It was neither exaggerated nor incorrect. Last Thursday, Neil Wallis was arrested. Last night, it was revealed that while acting as a double-agent for Scotland Yard and Murdoch, Wallis was also consulting Conservative Party Leader David Cameron during the 2010 election that saw Cameron rise to become the nation’s Prime Minister.

    Today, bobbing up to the surface through this vast ocean of ethical filth, comes Neil Wallis’s role … in “Climate-Gate.”

    On November 20th, 2009, somebody broke into a computer server at the Climatic Research Unit at the University of East Anglia, and stole thousands of emails and computer files. The documents were leaked to Climate Change Deniers, and although exhaustive analysis later proved that the emails merely revealed scientists’ anxiety that Climate Data and Research were being properly handled and studied, the Deniers have treated those emails as if they were a kind of Holy Grail of fraud. They claim the emails not only disproved all of climate change, but also that they proved that scientists had doctored data in order to exaggerate the urgency of an international conference on climate change coming up the next month in Copenhagen in Denmark.

    As the corporations and lobbyists who sought to feed the myth that there is no man-made climate change disseminated, exploited and deliberately misinterpreted the stolen e-mails – and used Fox News and other Murdoch enterprises as their principle venues – the victims, the Climatic Research Unit at the University of East Anglia, decided they’d better hire a public relations pro to help them fight back. They hired … Neil Wallis.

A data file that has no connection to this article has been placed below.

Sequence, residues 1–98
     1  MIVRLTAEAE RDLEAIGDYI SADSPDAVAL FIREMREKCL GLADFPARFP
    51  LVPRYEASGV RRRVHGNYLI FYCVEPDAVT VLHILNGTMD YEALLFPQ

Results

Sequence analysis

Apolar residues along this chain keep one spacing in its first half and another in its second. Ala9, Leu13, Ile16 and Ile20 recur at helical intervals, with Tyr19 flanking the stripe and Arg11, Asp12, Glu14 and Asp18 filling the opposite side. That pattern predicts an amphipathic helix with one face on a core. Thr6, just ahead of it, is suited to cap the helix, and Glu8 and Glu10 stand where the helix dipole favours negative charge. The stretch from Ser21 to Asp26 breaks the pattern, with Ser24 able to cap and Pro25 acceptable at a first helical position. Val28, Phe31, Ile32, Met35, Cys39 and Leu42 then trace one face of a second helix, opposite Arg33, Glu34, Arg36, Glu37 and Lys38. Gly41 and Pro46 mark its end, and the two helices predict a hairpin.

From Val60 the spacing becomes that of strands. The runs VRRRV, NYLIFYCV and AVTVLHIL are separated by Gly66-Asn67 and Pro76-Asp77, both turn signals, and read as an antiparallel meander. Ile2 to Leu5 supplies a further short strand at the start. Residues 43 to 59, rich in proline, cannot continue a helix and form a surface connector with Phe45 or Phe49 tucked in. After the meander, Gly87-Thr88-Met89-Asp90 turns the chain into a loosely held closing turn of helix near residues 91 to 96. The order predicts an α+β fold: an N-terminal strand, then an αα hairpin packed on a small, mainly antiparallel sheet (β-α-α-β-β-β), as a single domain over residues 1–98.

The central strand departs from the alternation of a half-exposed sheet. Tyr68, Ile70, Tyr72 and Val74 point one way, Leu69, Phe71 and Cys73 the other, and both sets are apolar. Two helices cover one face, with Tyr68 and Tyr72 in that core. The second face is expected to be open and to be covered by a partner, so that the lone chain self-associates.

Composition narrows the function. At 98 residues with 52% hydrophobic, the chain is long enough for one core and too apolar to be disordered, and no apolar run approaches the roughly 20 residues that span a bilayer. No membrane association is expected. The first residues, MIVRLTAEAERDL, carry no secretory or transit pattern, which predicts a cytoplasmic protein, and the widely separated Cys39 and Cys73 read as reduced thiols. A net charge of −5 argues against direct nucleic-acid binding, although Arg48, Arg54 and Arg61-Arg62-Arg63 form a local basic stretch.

The Murdoch editor who had supervised electronic hacking at “The News Of The World,” but then went to work for Scotland Yard, but then spied on the Scotland Yard hacking investigation for Murdoch’s men, but then tried to suppress media coverage of the Scotland Yard hacking investigation, now found himself in exactly the same kind of candy store over climate change denial. And he was the chief kid!

    As it was phrased in a gushing review last year in “Music Week Magazine” of Neil Wallis and his PR firm “Outside Organization”: “Wallis led on the University of East Anglia’s ‘Climategate’ job, when Outside was drafted in to help the university’s Climatic Research Unit defend itself against charges of scientific misconduct.”